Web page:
Friday, January 12, 2018

Struggling In A Traveling Band? Try Remote Work | Music Think Tank

Touring is one of the funnest things about being in a band. But too often, bands mistake touring for an excuse to party. When my former band, The Kitchen, toured down the West Coast in an ‘87 Dodge Prospector that was ready to die, and we mostly partied and ate out a lot and put thousands of dollars on a credit card, I learned the hard way. Looking back practically hurts my brain (and my wallet). When you’re funding your own tour/party-on-wheels, and big payouts aren’t guaranteed at venues, you end up literally paying the price in the long run. 
Now there’s this thing called remote work. I wish I’d thought of it back then. About 53 million Americans are independent contractors, and nearly 40 percent of them rate flexibility as a top benefit. You could become a digital nomad: working during the day and playing shows at night. Goodbye tour debt, hello sustainable music life.
I know this is a hard pill to swallow, and of course it’s not a cure-all. There’s still the matter of getting along with your bandmates and playing the shows you actually want to play. These are subjects anyone could write a book about. For now, I’m just going to delve into how you can go about working freelance so to make affordable life on the road a reality.

Tech You’ll Need

You’ll need a laptop or a tablet, and since you’ll be doing work in the van for at least part of each day, you’ll need a device with which you can access Wi-Fi. Thankfully, this has never been easier. 
Most smartphones and carriers now offer a Wi-Fi hotspot with the phone—all you need is to be in range for service. Depending on your carrier, Wi-Fi hotspot data could either come with your plan, or you may need to pay extra. For the sake of earning money on the road (which I’m going to call “shotgun freelancing” from here on out, because you’re freelancing while sitting shotgun in the van), you’ll probably want to go with an unlimited data plan that includes unlimited Wi-Fi hotspot data. Running out of data while you’re shotgun freelancing will definitely spoil the gig.
If you really want to be serious about this, pick up a mobile hotspot device specifically designed for your needs (here’s a list of the best ones for 2018). These won’t drain your cell phone battery, and they’re high-powered and secure. Coverage is limited to what a carrier can provide. You can add the device onto your existing cell plan for the cost of adding an additional line. Check and see if your carrier has any deals running.

Sites to Use

The nice thing is there are a lot of platforms to help you out. These are basically go-betweens. They connect you with whoever has demand for remote freelance work. The downside is you don’t make quite as much money as you would contacting each job source yourself. The upside is you’ll have a reliable, steady stream of work and won’t have to spend the time researching and contacting each work source and setting everything up.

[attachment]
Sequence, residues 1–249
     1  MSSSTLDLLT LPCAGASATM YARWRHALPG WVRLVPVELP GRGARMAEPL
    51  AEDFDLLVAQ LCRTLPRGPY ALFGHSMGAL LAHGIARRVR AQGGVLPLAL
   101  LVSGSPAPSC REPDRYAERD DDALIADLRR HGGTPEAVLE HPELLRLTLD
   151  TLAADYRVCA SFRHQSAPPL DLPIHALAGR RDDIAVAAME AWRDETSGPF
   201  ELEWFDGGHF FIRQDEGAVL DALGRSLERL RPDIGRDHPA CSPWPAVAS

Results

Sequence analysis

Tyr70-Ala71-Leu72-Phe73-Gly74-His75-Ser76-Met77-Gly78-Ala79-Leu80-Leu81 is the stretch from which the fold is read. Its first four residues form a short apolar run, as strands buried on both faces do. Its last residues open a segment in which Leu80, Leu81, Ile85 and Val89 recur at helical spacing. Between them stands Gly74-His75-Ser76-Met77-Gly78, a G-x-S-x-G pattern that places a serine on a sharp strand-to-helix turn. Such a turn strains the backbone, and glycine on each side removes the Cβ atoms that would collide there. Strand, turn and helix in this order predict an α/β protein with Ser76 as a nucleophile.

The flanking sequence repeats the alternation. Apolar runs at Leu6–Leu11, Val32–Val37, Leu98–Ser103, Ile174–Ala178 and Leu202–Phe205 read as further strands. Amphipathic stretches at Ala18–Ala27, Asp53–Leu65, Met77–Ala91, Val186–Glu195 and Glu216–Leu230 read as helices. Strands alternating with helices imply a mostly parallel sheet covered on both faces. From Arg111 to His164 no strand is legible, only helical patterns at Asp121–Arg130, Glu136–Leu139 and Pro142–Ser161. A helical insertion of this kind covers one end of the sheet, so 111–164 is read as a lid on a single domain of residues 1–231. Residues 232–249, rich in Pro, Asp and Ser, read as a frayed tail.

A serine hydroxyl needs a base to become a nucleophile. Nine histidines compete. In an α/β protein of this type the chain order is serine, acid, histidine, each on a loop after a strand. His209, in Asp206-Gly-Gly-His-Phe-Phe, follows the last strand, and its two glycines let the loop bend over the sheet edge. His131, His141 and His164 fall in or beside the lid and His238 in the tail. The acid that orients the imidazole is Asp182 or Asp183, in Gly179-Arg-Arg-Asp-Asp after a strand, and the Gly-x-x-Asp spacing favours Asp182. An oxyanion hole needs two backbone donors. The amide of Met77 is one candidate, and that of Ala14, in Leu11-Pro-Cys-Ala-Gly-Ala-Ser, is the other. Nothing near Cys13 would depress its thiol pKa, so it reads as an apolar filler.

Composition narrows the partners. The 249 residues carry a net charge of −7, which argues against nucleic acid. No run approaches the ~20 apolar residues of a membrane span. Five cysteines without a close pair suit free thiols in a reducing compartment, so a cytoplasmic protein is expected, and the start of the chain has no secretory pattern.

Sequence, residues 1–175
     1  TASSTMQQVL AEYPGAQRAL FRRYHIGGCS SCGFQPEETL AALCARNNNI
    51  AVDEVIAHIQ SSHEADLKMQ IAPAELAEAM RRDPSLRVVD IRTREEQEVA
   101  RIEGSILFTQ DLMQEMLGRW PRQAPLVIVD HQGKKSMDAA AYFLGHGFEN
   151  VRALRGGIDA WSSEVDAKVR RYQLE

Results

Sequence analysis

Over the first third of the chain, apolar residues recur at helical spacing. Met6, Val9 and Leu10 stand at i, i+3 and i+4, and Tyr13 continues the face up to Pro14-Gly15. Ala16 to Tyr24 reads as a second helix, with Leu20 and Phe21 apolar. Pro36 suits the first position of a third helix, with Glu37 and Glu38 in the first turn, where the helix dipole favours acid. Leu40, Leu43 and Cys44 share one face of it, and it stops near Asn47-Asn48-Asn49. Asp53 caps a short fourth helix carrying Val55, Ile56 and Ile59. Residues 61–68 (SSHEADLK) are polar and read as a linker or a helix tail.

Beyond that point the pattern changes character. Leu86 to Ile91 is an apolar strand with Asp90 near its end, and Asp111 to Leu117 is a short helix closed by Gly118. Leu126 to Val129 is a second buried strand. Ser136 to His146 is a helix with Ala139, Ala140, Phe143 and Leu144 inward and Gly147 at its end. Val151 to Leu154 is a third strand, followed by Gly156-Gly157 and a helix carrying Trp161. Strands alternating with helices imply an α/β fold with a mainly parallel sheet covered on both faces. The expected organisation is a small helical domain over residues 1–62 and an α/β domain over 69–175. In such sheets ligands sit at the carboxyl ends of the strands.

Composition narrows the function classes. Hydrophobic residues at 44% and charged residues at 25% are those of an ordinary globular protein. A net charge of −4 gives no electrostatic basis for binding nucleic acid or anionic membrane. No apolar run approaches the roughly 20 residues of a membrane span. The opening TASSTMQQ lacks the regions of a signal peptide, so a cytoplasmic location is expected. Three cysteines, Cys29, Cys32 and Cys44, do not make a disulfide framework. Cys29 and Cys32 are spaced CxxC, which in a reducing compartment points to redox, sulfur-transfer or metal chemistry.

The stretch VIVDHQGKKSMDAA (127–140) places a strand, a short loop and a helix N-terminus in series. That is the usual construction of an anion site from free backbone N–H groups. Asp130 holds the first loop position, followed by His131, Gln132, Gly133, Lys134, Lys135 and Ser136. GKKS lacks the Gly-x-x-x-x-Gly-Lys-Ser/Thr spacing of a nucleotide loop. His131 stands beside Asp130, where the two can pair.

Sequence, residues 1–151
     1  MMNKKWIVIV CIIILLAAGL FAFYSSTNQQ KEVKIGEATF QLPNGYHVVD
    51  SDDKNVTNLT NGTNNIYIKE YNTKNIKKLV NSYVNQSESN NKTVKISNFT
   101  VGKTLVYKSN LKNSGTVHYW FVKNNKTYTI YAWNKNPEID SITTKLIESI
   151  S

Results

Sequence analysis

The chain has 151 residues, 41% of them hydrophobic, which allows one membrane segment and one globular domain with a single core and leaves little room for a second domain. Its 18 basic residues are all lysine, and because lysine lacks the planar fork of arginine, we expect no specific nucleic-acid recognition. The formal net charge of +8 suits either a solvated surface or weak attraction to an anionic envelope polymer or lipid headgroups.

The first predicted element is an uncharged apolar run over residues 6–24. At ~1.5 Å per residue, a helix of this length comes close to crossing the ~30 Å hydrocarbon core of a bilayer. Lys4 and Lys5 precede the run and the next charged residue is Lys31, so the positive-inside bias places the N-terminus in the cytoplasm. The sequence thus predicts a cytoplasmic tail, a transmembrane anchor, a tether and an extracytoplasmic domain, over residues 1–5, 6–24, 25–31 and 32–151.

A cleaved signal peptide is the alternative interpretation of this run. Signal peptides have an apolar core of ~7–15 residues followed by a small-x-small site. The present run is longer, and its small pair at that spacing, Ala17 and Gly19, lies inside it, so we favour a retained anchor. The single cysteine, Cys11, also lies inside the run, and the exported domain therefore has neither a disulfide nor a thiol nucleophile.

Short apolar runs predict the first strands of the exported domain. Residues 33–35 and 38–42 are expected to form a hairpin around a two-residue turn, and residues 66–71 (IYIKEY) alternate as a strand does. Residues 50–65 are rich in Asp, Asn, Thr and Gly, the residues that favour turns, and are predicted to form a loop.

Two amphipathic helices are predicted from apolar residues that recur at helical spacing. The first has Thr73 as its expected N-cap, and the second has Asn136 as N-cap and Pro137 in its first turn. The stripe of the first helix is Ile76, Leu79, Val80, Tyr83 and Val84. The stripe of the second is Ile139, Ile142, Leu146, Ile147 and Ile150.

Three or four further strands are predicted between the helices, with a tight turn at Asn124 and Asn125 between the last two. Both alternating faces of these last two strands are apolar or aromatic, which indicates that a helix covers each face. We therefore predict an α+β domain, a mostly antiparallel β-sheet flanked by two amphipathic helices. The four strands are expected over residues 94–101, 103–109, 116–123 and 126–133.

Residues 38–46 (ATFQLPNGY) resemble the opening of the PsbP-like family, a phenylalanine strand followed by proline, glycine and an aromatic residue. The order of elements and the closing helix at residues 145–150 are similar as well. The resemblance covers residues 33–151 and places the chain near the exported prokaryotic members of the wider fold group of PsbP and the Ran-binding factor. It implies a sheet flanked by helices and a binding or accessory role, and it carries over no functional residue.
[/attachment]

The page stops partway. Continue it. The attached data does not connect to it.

Inc. offers a curated list of sites, among which nDash is of particular interest to writers. Through nDash you’ll create content for companies. You get to name your price and you can pitch your own ideas. Businesses will get a hold of you and negotiate the particulars.
Another great pick from this list is Speed Lancer. You don’t have a ton of time while you’re shotgunning, and Speed Lancer offers jobs that take a maximum of four hours. You’ll be able to see how much the task pays right away, then you sign up, receive an email, and voila—cash.
Moonlighting is a little more like a social network—you create a profile, and it offers the service of marketing you to businesses based on your skills and experience.
Then of course there’s always the huge site Upwork. No matter what your specialty you can find shotgun work here.

Tax Things to Know

You’ll need to file quarterly tax returns as a freelancer if you make more than $400. For this, take advantage of e-filing. According to Villanova University, e-filing programs have integrated smartphone and tablet apps, so that’s good for your purposes. It makes everything a whole lot easier. 
Here’s a pretty awesome thing to know about: You can write off your business expenses as a freelancer.
According to Turbotax, these include:
● business-related foodstuffs
● lodging
● office expenses
● required equipment or materials
Be honest, your late night taco truck run doesn’t count as a business expense—unless you’re working at the time. Additionally, if you buy the laptop for freelance purposes, write it off. As far as lodging goes, you can probably write that off if you establish your band as a limited liability company, but that’s a different story. You can also write off that second phone for your shotgun Wi-Fi. Write off all the miles you drive while freelancing.
What’s more, the new tax law means you can deduct 20 percent of your earnings from your taxable income. Get a Schedule Form C-EZ and keep track of all your expenses and income.
I know this is a lot, and you’re in a band, so you’re probably not the type of person who wants to keep track of all this stuff (hell, who is?). But like I said at the beginning, this will pay off in the long run. Be smart while touring and you’ll be able to tour consistently until you’re getting paid enough for the music so you don’t have to do anything else. 



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